@Joe, the MSI Live Update application requires elevation to run, which means as soon as I allow the elevation the application can do whatever it wants – including disabling UAC and rebooting.
I’m always deeply suspicious when I see a warning window — or any window — whose message contains gramatical errors. In casual posts, email or casual convesation, it’s acceptable; in a professional capacity, it smells of faulty development (or a script-kiddie).
No, the weakest link in the Windows Ecosystem turns out to be Microsoft itself. Allowing an unverified third-party executable to simply disable UAC is a HUGE security risk.
Although I hate UAC, I still leave it on, just in case. MS could have certainly designed the system to be less annoying…but few people can argue against the security coverage provided by UAC. Need to see how the changes in UAC to 7 feel.
I think you miss the point. Windows does NOT “allow an unverified third-party executable to simply disable UAC.” As always, the code requires administrator consent (standard user can’t do this). The code is simply allowing the administrator to CHOOSE to do what he or she could do manually. It’s no different from a vendor providing a script that changes registry settings. It sounds like your point is that it should be impossible to disable UAC. Unfortunately, that would destroy compatibility with some applications, which is why UAC is not mandatory.
I don’t remember specifically what model it was but about six months back we did have some issues with HP bios updates that would refuse to do anything on Vista with UAC running unless you right clicked – Run as Administrator even though the account was an admin account (though not super admin or whatever is disabled now by default)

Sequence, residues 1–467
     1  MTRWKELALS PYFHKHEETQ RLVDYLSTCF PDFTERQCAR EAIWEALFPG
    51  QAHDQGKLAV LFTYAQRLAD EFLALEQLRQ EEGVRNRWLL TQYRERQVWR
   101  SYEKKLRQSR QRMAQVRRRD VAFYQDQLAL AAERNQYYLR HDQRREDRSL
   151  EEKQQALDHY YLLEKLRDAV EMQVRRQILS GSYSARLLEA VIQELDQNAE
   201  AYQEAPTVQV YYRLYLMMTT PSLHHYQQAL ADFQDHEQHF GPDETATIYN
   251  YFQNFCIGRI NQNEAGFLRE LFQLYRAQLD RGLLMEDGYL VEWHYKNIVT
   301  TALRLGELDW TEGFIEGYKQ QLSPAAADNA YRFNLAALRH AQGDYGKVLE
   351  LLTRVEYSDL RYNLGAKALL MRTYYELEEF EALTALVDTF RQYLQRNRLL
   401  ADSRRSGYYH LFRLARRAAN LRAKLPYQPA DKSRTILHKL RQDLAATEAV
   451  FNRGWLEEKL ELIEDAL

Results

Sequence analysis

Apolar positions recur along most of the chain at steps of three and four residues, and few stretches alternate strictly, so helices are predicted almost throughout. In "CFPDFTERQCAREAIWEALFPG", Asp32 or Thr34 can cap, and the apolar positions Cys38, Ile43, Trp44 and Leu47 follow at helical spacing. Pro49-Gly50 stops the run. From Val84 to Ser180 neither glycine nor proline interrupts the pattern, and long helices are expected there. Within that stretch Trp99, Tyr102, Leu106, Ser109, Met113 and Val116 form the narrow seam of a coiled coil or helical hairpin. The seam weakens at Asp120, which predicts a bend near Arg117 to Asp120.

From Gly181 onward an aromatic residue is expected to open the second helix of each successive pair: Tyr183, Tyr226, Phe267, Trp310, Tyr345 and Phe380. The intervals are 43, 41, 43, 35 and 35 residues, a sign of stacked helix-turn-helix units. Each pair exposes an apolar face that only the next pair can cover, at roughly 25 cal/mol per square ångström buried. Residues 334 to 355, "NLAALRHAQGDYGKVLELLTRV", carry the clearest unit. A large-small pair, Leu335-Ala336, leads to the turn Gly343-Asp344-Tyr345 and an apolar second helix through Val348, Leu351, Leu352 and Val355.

So, maybe its possible MSI had the same problem and instead of updating the bios updater program, or posting a work around just decided to throw something together?
Still plain stupid though
This is absolutely correct. I own an MSI motherboard (that is the base of my DIY PC) and the utility for BIOS update is the same. What I normally do is to run the tool once a month or so (it DOES disable the UAC!) and then uninstall it and re-enable the UAC again. Surreal…
@Chris: Just to clarify: the tool does this just to check (!) to see if a BIOS upgrade is needed, not to actually upgrade it… Anyway, Intel proves this can be done right with their BIOS upgrade tools – they have different versions and the “Intel Express BIOS” is actually a Windows tool that runs directly on the desktop without any need to disable anything…
My experience with Dell lately tells me that when it comes to drivers and bios upgrades, they get it. I haven’t bought an HP for years but my experience with Gateway and Lenovo wasn’t horrible but compared to Dell it was in general harder to find what I needed and the install process was a little bit more cumbersome.
I’ve owned MSI motherboards for years and I’ve noted them to be increasingly sloppy with their updates over the years. Little things like the UAC, but also and even worse, not being able to find updates without using their app.
Somewhere at any moment there always seems to be a “bad” motherboard vendor; Asus has been that vendor and now MSI has had the dubious honors for a while now. I’ve wanted to pick another vendor but for the fact that my Vista installation has been too stable, and with Win7 having similar requirements I may not change motherboards anytime soon.
I also have used MSI boards in my systems. The MSI auto update has tended to be questionable and I have had problems with it in the past.
I still believe that a bootable, self contained installer is the best method of BIOS updates.